A Most Unusual Mozart Collaboration

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The New York Sun

Mitsuko Uchida’s recital at Carnegie Hall on Thursday evening offered a strangely compelling antidote for overexposure to Mozart in this anniversary year. Some might classify Ms. Uchida’s approach as ethereal, poetic, and communicative; others would find it willful, tedious, and bizarre. One thing is certain, however: You’ve never heard an all-Mozart concert sound like this before.

Perhaps the fault lay in the program booklet. Carnegie Hall listed these pieces as “by Mozart,” when they were actually composed by Mozart-Uchida.

Choosing only works for solo piano from the composer’s last years, Ms. Uchida immediately began to reveal the results of her rather crabbed experimentation. The opening Fantasia in C minor, K. 475, was grafted onto the Sonata in C minor, K. 457. This is actually not an original Uchida idea, but it is still tinkering.

The crowd fought back, using applause to prevent the recitalist from making a seamless transition. In fact, Ms. Uchida had a difficult time all evening with this audience. Latecomers, early exiting patrons, cell-phone users, and producers of phlegm dogged her attempt to establish a contemplative quietude.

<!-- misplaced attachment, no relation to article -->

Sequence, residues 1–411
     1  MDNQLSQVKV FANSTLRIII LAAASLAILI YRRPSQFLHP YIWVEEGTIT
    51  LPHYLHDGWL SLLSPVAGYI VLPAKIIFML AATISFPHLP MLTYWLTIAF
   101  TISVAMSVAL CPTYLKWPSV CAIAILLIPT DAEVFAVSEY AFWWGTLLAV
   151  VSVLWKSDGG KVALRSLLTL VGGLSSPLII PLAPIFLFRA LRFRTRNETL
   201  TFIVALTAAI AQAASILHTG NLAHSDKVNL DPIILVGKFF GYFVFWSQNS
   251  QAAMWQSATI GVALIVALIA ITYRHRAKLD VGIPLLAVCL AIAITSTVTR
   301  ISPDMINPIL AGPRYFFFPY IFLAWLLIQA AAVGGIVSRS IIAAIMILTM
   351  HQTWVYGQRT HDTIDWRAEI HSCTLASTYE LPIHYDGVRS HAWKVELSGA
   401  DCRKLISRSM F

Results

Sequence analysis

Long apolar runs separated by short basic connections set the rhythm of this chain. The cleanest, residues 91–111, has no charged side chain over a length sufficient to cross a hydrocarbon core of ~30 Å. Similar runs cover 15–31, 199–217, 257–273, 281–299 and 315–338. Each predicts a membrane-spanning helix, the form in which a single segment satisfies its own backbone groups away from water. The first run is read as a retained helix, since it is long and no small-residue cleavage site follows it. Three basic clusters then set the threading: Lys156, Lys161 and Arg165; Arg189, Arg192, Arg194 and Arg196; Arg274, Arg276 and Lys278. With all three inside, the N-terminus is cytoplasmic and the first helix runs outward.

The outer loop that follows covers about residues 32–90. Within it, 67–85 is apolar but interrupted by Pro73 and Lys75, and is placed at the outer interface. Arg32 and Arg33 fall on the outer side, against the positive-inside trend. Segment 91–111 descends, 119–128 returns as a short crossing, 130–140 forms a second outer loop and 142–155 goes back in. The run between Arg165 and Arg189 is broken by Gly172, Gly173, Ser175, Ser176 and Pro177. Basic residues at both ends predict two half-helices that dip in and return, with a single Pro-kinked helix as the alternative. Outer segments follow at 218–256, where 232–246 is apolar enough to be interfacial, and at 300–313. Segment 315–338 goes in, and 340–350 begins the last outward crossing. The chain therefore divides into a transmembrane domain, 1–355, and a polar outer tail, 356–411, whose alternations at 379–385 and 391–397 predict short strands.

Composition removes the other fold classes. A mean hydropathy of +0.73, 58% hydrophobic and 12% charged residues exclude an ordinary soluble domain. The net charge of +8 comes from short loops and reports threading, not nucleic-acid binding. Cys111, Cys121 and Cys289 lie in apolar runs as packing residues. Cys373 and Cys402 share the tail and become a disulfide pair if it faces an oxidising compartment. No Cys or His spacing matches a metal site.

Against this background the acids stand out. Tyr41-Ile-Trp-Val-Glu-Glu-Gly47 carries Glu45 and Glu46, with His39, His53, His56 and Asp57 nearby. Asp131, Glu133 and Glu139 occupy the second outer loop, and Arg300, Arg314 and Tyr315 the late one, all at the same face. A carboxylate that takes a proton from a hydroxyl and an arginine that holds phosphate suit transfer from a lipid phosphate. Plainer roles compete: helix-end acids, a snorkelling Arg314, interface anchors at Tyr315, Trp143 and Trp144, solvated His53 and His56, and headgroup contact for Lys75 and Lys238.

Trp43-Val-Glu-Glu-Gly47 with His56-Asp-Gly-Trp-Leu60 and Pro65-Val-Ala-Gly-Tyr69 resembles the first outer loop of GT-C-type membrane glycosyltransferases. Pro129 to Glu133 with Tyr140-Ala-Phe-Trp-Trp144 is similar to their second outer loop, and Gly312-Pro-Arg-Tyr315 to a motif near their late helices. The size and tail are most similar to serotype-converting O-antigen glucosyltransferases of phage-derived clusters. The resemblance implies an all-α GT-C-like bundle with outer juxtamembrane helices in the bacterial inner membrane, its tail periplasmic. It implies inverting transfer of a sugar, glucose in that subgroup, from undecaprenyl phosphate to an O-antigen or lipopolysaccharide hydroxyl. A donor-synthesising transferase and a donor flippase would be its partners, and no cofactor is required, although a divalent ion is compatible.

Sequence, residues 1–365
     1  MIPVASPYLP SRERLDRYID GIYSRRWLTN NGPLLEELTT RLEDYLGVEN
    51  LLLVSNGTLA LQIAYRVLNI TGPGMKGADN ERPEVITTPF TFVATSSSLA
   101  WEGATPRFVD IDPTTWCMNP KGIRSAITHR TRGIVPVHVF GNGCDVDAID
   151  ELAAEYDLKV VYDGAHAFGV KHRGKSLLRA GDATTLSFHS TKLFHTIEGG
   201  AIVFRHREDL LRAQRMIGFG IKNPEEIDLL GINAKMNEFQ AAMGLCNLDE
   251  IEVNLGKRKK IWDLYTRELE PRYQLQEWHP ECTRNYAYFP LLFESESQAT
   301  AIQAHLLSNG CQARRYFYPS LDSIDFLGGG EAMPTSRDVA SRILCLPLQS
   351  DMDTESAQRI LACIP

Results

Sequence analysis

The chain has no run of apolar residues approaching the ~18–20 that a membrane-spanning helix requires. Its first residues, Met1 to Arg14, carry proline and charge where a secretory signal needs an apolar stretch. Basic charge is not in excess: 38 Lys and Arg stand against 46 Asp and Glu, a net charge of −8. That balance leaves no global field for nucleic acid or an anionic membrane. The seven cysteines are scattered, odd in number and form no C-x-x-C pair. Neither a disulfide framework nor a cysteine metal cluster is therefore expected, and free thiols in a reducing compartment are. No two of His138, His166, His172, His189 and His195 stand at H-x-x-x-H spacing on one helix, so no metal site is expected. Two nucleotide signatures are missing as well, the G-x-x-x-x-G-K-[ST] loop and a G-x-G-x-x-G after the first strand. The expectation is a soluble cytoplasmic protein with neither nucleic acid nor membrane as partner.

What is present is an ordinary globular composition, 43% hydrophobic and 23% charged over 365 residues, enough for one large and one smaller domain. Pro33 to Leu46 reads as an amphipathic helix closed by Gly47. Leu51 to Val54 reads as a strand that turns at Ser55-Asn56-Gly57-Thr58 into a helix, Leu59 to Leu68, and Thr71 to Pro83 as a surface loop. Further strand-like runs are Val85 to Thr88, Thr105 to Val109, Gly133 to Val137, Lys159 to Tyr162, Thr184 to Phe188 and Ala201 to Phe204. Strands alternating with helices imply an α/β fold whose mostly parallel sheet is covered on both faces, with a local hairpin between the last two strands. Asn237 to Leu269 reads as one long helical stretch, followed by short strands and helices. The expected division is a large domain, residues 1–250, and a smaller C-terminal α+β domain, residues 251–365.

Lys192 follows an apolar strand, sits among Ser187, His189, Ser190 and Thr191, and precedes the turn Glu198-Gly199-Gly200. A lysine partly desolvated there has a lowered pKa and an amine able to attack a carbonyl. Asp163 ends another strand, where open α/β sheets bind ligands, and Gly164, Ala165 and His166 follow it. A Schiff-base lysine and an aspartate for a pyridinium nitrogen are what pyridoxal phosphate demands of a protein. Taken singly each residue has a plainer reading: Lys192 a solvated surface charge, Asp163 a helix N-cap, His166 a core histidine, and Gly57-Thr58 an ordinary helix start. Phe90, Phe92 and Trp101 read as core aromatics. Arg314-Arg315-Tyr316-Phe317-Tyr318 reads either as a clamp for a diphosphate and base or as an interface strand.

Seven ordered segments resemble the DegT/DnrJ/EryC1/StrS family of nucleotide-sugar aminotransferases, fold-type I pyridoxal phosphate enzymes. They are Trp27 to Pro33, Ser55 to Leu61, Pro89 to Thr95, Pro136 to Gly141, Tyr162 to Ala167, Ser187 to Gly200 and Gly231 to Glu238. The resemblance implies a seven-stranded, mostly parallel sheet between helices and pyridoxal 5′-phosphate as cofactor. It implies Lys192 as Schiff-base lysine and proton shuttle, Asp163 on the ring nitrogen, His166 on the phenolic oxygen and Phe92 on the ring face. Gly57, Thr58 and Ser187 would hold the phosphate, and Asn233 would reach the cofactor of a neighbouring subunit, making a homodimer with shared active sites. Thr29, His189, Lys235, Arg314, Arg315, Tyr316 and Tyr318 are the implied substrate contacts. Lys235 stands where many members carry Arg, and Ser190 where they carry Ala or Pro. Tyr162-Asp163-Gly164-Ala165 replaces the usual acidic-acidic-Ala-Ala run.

In the first half, Ms. Uchida’s idio syncratic phrase lengths and odd pauses created essentially new music out of old. Only her powerful performance of the Adagio in B Minor, K. 540, was immediately impressive. The deeply personal conception of the other pieces would require repeated hearings for an intelligent evaluation. Certainly, this presentation was unique.

After intermission, Ms. Uchida played two sonatas, the F major, K.533/494, and the D major, K. 576, more straightforwardly. This created instant disappointment, a self-imposed dearth of originality. We had to settle for reasonably well-executed mechanics. Only the endings of the two pieces were notable. In the first, Ms. Uchida concluded so quietly as to be almost inaudible, a delicately delicious finish that reminded me of those Viennese chocolates with the picture of Wolfgang on the wrapper. However, ending in exactly the same manner in the final sonata just seemed precious.

The New York Sun

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